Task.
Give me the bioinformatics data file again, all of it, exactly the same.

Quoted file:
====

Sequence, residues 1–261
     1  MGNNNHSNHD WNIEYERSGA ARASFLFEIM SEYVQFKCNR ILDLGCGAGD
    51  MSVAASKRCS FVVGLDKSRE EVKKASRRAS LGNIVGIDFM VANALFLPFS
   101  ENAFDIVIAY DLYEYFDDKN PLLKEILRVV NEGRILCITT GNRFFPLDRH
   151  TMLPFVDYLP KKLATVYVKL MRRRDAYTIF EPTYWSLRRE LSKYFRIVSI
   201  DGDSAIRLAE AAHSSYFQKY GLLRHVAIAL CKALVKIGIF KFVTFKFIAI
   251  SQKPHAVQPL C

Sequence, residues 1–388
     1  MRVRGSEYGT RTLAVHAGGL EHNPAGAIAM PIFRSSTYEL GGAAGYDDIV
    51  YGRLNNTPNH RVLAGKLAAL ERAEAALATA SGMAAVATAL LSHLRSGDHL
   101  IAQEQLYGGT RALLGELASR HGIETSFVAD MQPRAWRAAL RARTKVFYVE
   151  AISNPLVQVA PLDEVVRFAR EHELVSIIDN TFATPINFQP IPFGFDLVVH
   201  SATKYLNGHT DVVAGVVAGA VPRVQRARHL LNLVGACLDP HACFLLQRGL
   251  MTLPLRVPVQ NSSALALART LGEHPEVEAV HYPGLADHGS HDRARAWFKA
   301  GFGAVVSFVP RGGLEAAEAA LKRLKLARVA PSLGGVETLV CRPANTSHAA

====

Sequence, residues 1–261
     1  MGNNNHSNHD WNIEYERSGA ARASFLFEIM SEYVQFKCNR ILDLGCGAGD
    51  MSVAASKRCS FVVGLDKSRE EVKKASRRAS LGNIVGIDFM VANALFLPFS
   101  ENAFDIVIAY DLYEYFDDKN PLLKEILRVV NEGRILCITT GNRFFPLDRH
   151  TMLPFVDYLP KKLATVYVKL MRRRDAYTIF EPTYWSLRRE LSKYFRIVSI
   201  DGDSAIRLAE AAHSSYFQKY GLLRHVAIAL CKALVKIGIF KFVTFKFIAI
   251  SQKPHAVQPL C

Sequence, residues 1–388
     1  MRVRGSEYGT RTLAVHAGGL EHNPAGAIAM PIFRSSTYEL GGAAGYDDIV
    51  YGRLNNTPNH RVLAGKLAAL ERAEAALATA SGMAAVATAL LSHLRSGDHL
   101  IAQEQLYGGT RALLGELASR HGIETSFVAD MQPRAWRAAL RARTKVFYVE
   151  AISNPLVQVA PLDEVVRFAR EHELVSIIDN TFATPINFQP IPFGFDLVVH
   201  SATKYLNGHT DVVAGVVAGA VPRVQRARHL LNLVGACLDP HACFLLQRGL
   251  MTLPLRVPVQ NSSALALART LGEHPEVEAV HYPGLADHGS HDRARAWFKA
   301  GFGAVVSFVP RGGLEAAEAA LKRLKLARVA PSLGGVETLV CRPANTSHAA